It is not every day that you get to travel to the other side of the world with your brother. But for two pairs of siblings at the university, that has finally become their reality.
Seniors Andrew Dean and Sang Eun Woo came to the university as freshmen in 2013. Now, three years later, their brothers, Jeron Dean and Sang Jin Woo, have come to Huntington as incoming freshmen, following in their brothers’ footsteps.
“It’s funny because we came in the same year and they came in the same year,” Andrew Dean said about himself and the Woos.
Andrew and Jeron Dean are roommates with each other this year on Wright First — an experience they have had many times before.
“It’s fun,” Andrew said. “I like having him around. We’ve been roommates ever since we were kids. We’ve always lived in the same room until I was 20, when I came here.”
Though they are reunited with each other back in the same room, they admit they do not get to spend much time with each other due to their conflicting schedules.
“When he’s around, I’m not around during the day, and when I am, he’s not,” said Andrew.
Despite these conflicts, however, they still manage to find time together on the weekends, choosing to spend their time watching movies and, at some point, perhaps working out at the gym.
Andrew also admits that, though he wishes he could spend time with his brother more throughout the week and the school day, he likes having that time to himself.
For Sang Eun and Sang Jin Woo, who live in different buildings, the time they have spent together since they arrived on campus has been good and has helped their relationships with each other grow and mature from when they were young and in high school.
“Interestingly, I find myself trusting my brother a little more [than] before,” Sang Eun said. “I have seen dramatic changes in his life through his high school years … and he’s a different person. He’s not the Sang Jin that I used to know.”
Sang Eun said he has felt that, since his younger brother is here with him at school, he has to step up into a more adult role for Sang Jin while they are together.
“I m kind of like his parents now, but I kind of like that responsibility over my brother,” Sang Eun said. “At the same time, I want him to be having fun.”
Sang Jin, too, has noted this shift in their relationship roles with each other, now relying on his brother much more in his parents’ absence.
“Because my parents are not here … I began to rely on him more than before,” said Sang Jin. “I am trying to spend more time with him … to make better memories.”
Sang Eun and Sang Jin, and Andrew and Jeron, are not the only pair of siblings to attend the university at the same time. In fact, Shoshannah McKinney, director of the institute of TESOL studies and admissions counselor for all incoming international students, said there have been several other pairs of siblings who attended the university together since she was first hired four years ago.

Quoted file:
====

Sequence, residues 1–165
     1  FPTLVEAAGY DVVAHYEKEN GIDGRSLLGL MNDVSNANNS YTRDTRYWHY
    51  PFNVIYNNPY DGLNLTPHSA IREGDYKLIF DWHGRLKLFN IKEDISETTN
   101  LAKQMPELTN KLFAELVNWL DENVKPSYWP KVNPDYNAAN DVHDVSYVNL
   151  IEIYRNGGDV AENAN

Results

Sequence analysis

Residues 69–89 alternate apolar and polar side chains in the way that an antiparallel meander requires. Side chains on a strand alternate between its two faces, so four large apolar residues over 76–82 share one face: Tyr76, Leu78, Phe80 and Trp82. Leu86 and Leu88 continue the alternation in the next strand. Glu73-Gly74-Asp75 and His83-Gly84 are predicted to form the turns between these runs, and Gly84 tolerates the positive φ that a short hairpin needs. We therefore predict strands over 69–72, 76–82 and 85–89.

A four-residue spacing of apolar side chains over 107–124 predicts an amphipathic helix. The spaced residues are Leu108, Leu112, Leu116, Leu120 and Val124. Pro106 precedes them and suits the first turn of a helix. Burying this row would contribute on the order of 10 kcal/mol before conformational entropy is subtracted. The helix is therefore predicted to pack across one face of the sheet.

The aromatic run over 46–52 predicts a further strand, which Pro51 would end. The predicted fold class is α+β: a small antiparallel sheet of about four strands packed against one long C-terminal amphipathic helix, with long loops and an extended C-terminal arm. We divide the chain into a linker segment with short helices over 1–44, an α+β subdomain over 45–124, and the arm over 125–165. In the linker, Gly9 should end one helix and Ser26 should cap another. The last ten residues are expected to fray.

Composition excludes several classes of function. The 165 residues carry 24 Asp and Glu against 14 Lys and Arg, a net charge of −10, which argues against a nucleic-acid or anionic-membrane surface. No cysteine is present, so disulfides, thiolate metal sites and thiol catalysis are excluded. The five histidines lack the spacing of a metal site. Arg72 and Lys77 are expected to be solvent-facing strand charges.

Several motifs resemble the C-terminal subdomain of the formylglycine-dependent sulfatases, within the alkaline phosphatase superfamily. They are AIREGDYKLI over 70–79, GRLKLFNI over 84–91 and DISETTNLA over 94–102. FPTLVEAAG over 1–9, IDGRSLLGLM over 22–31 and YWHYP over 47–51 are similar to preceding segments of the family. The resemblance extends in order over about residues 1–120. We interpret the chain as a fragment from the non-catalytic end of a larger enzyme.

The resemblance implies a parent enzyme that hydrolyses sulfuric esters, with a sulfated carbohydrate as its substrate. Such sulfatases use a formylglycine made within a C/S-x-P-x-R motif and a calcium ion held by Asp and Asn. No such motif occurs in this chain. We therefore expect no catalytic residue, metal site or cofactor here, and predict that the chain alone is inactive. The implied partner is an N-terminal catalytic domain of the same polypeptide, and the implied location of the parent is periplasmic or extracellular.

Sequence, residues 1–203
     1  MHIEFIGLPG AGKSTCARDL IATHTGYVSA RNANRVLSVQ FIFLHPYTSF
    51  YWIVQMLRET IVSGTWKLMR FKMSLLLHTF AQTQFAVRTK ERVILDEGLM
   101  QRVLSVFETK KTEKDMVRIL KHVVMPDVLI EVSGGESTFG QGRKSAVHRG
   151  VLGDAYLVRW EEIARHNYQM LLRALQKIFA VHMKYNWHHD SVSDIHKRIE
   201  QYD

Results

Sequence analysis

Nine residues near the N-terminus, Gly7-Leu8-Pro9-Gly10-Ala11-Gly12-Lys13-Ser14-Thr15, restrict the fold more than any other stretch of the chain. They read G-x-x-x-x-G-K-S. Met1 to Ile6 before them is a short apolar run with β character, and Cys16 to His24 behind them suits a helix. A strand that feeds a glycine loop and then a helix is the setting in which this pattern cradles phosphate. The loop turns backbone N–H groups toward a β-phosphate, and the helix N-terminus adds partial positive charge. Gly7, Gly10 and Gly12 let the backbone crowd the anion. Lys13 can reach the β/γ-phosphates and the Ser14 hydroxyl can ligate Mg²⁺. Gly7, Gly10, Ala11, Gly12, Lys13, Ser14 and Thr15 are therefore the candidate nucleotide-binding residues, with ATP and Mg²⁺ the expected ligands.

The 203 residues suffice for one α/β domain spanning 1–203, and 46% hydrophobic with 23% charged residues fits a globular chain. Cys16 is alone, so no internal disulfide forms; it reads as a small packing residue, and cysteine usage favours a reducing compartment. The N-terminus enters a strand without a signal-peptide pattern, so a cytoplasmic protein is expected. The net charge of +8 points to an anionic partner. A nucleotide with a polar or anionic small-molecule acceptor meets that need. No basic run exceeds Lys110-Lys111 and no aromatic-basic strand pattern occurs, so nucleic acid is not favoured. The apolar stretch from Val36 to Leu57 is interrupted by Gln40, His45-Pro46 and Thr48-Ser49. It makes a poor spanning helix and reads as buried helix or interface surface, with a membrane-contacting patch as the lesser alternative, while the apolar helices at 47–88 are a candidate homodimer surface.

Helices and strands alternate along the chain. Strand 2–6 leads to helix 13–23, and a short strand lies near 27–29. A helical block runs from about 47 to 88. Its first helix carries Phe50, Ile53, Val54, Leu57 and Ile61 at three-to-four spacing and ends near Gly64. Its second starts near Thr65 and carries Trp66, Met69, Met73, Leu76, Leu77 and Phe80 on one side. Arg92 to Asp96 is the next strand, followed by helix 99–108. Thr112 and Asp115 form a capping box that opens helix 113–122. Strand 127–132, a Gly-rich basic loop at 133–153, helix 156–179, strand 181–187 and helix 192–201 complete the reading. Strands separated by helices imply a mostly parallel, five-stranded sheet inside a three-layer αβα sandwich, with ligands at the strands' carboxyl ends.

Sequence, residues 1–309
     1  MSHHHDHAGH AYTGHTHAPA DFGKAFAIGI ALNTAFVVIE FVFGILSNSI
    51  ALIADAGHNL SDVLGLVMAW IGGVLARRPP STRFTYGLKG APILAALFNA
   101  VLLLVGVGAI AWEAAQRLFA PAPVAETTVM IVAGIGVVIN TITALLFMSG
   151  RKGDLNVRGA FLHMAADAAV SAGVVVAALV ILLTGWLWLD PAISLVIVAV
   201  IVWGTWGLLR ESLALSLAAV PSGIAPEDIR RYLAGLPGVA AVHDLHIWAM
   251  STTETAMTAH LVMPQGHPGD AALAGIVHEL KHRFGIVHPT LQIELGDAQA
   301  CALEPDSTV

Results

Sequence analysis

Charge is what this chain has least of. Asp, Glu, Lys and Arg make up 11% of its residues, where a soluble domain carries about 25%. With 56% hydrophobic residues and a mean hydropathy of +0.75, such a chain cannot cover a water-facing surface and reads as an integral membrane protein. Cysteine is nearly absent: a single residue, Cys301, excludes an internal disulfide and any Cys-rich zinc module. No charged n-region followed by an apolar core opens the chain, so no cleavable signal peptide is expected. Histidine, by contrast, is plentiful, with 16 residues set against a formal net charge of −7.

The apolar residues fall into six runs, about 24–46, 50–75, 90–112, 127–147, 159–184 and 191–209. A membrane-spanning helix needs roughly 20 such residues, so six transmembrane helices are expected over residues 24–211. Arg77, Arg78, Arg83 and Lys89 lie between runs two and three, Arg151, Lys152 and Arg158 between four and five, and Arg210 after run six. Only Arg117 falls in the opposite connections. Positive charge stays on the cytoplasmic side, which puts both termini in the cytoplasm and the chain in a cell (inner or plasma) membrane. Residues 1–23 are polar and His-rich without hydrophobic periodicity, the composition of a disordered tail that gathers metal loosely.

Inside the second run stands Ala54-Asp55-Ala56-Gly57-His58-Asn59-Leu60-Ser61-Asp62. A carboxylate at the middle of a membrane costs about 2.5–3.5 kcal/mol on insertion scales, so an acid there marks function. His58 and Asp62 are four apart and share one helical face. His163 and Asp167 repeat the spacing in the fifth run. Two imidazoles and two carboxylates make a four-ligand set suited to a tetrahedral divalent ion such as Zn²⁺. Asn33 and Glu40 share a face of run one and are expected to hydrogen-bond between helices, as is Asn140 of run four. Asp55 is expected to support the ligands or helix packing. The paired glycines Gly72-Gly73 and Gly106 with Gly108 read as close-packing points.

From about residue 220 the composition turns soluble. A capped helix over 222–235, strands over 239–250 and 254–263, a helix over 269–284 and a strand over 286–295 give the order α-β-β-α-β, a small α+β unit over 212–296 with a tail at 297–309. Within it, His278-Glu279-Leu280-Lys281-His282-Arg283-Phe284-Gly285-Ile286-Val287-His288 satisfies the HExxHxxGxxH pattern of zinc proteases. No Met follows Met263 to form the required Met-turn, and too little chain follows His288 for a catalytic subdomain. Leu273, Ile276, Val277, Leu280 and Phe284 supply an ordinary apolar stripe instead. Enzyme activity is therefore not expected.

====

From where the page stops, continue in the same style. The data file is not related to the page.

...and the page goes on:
However, not all of the international siblings who attend get to spend much time together on campus.
“It’s kind of special to have the siblings here for any significant amount of time together, because that doesn’t always happen.” she said.
Part of the reason for this being a less-than-uncommon occurrence, McKinney said, is that sense of connection to the place.
“I think, for the younger sibling and for the parents, there’s already that sense of familiarity with the community, so you feel more at ease with that second child coming because they already know it’s a good place.”
According to Jeron, this same sense of connection to the university solidified his choice to attend.
“Andrew and my parents influenced me [to come here],” Jeron said. “I didn’t apply anywhere else.”
Sang Jin , however, took a bit more time to look around, choosing to look also at larger universities such as Penn State before finally landing on Huntington.
“Rather than being alone in a place that I don’t know, I guess being with my brother … [is] better, even though it is just a year — for me to … make new friends, and also to adjust to the culture and school things,” Sang Jin said.
Sang Jin noted that, though he loves that he gets to meet his brother’s friends and get acquainted with people he would not have otherwise met, he sometimes feels like he has the whole campus watching him.
“It feels like I am being watched everywhere I go.” Sang Jin said, chuckling. “Everyone knows my brother; everyone knows who I am. Whatever I do, it feels like someone will tell my brother what I do, so I have to behave in every way I can.”
However, though he sometimes feels this way, overall, he has greatly enjoyed getting to know his brother’s friends at the university.
Jeron also has enjoyed getting connected with a larger number of people at school.
“It’s cool!” he said. “People go by me and go, like, ‘Hey! It’s Andrew Dean’s brother!’ And I get to know more people, especially seniors who I would probably not know about because I wouldn’t be able to meet them or know them. So it’s pretty cool people know me.”
That being said, Andrew made it a point to tell his friends before Jeron came that, though he is his brother, they are totally different people.
“I told them, ‘He’s not the same person! We’re completely different!”
Overall, according to the brothers, one of the best parts of having family here is the sense of openness and trust that comes from their sibling on campus.
“I don’t feel so alone here,” Sang Jin said. “I have someone I can trust…. a person who I can really rely on and say everything [to].”